ACCESSIBILITY Accessibility
Cleanings & Prevention
Oral Hygiene Aids

Regular dental check ups are essential for maintaining excellent oral hygiene and diagnosing potential problems, but they are not a “fix-all” solution. Thorough oral homecare routines should be practiced on a daily basis to avoid developing and future dental problems.

Periodontal disease (also called gum disease and periodontitis) is the leading cause of tooth loss in the developed world and is completely preventable in the vast majority of cases. Professional cleanings twice a year combined with daily self-cleaning can remove a high percentage of disease-causing bacteria and plaque. In addition, teeth that are well cared for make a confident smile.

There are numerous types of oral hygiene aids on the supermarket shelves and it can be difficult to determine which will provide the best benefit to your teeth.

Here are some of the most common oral hygiene aids for homecare:

Dental Floss

Dental floss is the most common interdental and subgingival (below the gum) cleaner and comes in a variety of types and flavors. The floss itself is made from either thin nylon filaments or polyethylene ribbons which help remove food particles and plaque from between the teeth. Vigorous flossing with a floss holder can cause soft tissue damage and bleeding, so great care should be taken. Floss should normally be used twice daily after brushing.  It is highly important to help prevent decay and gum disease. 

Interdental Cleaners

Many hygienist & periodontists recommend interdental brushes in addition to dental floss. These tiny brushes are gentle on the gums and very effective in cleaning the contours of teeth in between the gums.  Interdental brushes come in various shapes and sizes.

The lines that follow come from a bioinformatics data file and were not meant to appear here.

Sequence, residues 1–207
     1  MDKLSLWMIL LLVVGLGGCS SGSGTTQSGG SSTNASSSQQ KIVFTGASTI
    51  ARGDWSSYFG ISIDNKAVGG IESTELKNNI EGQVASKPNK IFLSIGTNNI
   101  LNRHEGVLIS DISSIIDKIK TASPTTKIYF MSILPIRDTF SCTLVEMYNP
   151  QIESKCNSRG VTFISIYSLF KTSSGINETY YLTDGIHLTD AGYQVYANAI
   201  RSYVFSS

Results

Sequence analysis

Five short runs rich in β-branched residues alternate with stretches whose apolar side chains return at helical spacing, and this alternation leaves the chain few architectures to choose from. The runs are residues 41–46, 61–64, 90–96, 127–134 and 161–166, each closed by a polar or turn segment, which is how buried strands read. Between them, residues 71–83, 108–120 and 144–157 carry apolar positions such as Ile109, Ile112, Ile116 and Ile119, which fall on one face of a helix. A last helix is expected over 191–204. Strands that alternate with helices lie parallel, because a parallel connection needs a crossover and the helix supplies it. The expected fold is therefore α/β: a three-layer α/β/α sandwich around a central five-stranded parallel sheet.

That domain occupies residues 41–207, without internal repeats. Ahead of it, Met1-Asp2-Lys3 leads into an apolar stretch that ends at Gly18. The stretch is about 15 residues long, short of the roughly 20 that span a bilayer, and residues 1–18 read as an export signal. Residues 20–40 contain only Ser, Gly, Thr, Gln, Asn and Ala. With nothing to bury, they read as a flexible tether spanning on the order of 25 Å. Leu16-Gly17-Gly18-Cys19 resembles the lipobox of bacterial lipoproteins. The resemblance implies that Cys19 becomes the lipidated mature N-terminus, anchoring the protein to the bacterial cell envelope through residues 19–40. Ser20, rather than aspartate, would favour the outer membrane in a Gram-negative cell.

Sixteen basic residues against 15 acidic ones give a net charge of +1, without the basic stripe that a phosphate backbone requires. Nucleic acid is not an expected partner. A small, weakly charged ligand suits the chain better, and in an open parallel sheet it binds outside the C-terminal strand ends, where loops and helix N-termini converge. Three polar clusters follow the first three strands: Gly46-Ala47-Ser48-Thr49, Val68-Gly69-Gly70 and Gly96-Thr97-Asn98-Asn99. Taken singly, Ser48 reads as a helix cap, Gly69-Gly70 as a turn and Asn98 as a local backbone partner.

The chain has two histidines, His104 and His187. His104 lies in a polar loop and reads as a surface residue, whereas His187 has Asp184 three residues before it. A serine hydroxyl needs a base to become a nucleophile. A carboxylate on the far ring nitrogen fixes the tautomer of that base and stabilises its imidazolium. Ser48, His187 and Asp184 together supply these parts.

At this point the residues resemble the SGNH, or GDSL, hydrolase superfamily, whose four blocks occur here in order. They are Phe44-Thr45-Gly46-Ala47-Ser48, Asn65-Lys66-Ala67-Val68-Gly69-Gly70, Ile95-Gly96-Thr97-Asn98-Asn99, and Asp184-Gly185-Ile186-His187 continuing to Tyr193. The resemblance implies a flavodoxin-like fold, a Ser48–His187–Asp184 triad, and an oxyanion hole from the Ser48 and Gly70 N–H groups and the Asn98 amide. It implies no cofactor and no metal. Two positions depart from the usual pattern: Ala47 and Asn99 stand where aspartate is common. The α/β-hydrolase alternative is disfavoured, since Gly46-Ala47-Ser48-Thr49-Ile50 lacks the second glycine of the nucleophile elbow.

Mouth Rinses

There are two basic types of mouth rinse available. Cosmetic rinses are sold over the counter and temporarily suppress bad breath.  Therapeutic rinses may or may not require a prescription.  Therapeutic rinses contain active ingredients that can help reduce bad breath, plaque and cavities.  Mouth rinses should generally be used after brushing.

Oral Irrigators

Oral irrigators, like Waterpiks, have been created to clean debris from below the gum line. Water is continuously sprayed from tiny jets into the gum pockets which can help remove harmful bacteria and food particles. Overall, oral irrigators have proven effective in lowering the risk of gum disease and should not be used instead of brushing and flossing. Professional cleanings are recommended at least twice annually to remove deeper debris.

Rubber Tip Stimulators

The rubber tip stimulator is an excellent tool for removing plaque from around the gum line and also for stimulating blood flow to the gums. The rubber tip stimulator should be traced gently along the outer and inner gum line at least once each day. Any plaque on the tip can be rinsed off with tap water. It is important to replace the tip as soon as it starts to appear worn and to store the stimulator in a cool, dry place.

Toothbrushes

There are a great many toothbrush types available. Powered toothbrushes are generally recommended by dentists because powered brushes are much more effective than manual brushes. The vibrating or rotary motion helps to easily dislodge plaque and remove food particles from around the gums and teeth.  Toothbrushes or powered toothbrush heads should be replaced every three months because worn bristles become ineffective over time. Soft bristle toothbrushes are far less damaging to gum tissue, so I do not recommend using medium or hard bristle varieties. In addition, an appropriate sized ADA approved toothbrush should be chosen to allow proper cleaning to all the teeth. Teeth should ideally be brushed after each meal or minimally twice each day.

If you have any questions about oral hygiene aids, please ask Dr. Rice or her dental hygienist.